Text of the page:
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How to Plant, Grow, and Harvest Broccoli

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Curious about how to plant, grow, and harvest broccoli? We have some tips. Broccoli is a hardy vegetable of the cabbage family that is high in vitamins A and D. It develops best during cool seasons of the year.

Broccoli

When broccoli plants of most varieties are properly grown and harvested, they can yield over an extended period. Side heads develop after the large, central head is removed. Two crops per year (spring and fall) may be grown in most parts of the country. New heat tolerant varieties allow broccoli to be produced in all but the hottest parts of the season.
Transplants are recommended to give the best start for spring planting, because transplanting gets the plants established more quickly. Thus they can bear their crop with minimal interference from the extreme heat of early summer. Fall crops may be direct-seeded in the garden if space allows or may be started in flats to replace early crops when their harvest ends.

When to Plant

Transplant young, vigorously growing plants in early spring. Plants that remain too long in seed flats may produce "button" heads soon after planting. For fall crops, buy or grow your own transplants or plant seeds directly in the garden. For fall planting, start seedlings in midsummer for transplanting into the garden in late summer. To determine the best time for setting your fall transplants, count backward from the first fall frost in your area and add about 10 to the days to harvest from transplants. Remember that time from seed to transplant is not included in this figure.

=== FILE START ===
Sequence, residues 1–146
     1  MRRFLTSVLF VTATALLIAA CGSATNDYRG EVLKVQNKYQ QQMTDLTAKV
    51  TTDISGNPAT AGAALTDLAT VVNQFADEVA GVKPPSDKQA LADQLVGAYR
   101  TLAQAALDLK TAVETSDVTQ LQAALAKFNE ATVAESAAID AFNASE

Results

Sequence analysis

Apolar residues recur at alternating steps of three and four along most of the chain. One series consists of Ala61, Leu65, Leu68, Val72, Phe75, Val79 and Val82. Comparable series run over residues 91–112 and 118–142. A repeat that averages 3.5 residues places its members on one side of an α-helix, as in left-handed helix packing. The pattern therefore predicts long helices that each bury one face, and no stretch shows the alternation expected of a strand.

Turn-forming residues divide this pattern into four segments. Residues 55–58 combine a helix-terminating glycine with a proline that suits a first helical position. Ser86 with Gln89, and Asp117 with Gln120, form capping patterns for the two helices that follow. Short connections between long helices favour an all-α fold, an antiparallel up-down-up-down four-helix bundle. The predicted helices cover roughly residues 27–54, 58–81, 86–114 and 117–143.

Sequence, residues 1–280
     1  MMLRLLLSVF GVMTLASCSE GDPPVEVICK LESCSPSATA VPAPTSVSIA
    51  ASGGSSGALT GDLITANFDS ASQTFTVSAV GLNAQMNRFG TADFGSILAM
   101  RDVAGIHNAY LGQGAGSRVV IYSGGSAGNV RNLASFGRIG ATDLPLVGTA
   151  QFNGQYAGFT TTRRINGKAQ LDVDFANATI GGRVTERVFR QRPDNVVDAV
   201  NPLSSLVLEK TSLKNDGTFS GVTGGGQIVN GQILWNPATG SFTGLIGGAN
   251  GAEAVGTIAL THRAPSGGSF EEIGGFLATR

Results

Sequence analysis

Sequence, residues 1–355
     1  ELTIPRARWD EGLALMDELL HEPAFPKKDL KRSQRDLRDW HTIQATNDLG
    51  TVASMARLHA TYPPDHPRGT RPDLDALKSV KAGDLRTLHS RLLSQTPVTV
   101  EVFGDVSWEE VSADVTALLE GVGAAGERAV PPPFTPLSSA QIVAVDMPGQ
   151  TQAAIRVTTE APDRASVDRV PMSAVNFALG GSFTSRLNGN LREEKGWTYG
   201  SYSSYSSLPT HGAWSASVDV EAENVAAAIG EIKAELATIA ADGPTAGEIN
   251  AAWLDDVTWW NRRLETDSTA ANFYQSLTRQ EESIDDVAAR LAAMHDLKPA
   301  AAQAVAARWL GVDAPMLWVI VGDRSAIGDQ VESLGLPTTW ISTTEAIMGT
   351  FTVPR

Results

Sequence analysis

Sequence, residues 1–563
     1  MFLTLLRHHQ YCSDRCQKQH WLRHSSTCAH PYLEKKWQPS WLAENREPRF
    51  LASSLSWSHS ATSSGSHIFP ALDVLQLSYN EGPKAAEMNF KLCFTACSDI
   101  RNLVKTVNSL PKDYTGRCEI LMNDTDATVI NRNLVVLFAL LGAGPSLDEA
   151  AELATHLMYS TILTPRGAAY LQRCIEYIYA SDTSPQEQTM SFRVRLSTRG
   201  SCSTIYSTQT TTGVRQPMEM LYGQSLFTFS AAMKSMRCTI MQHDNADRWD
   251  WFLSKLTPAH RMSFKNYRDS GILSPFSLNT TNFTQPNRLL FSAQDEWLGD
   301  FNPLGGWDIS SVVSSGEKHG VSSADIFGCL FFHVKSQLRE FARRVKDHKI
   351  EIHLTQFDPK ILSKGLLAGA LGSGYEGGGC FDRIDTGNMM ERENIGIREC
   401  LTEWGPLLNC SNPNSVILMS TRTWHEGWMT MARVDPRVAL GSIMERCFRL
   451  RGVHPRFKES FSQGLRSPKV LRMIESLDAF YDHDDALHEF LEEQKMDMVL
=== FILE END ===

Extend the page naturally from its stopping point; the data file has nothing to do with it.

Spacing & Depth

Plant seeds 1/4 to 1/2 inch deep, or set transplants slightly deeper than they were grown originally. Plant or thin seedlings 18 to 24 inches apart in the row and allow 36 inches between rows. Broccoli plants grow upright, often reaching a height of 2 1/2 feet. Space plants one foot apart in all directions in beds.

Care

Use starter fertilizer for transplants and side-dress with nitrogen fertilizer when the plants are half grown. Provide ample soil moisture, especially as the heads develop.

Harvesting

The edible part of broccoli are compact clusters of unopened flower buds and the attached portion of stem. The green buds develop first in one large central head and later in several smaller side shoots. Cut the central head with 5 to 6 inches of stem, after the head is fully developed, but before it begins to loosen and separate and the individual flowers start to open (show bright yellow). Removing the central head stimulates the side shoots to develop for later pickings. These side shoots grow from the axils of the lower leaves. You usually can continue to harvest broccoli for several weeks.

Common Problems

Aphids — Watch for buildup of colonies of aphids on the undersides of the leaves.
Cabbage worms — Three species of cabbage worms (imported cabbage worms, cabbage loopers and diamond back moth worms) commonly attack the leaves and heads of cabbage and related cold crops.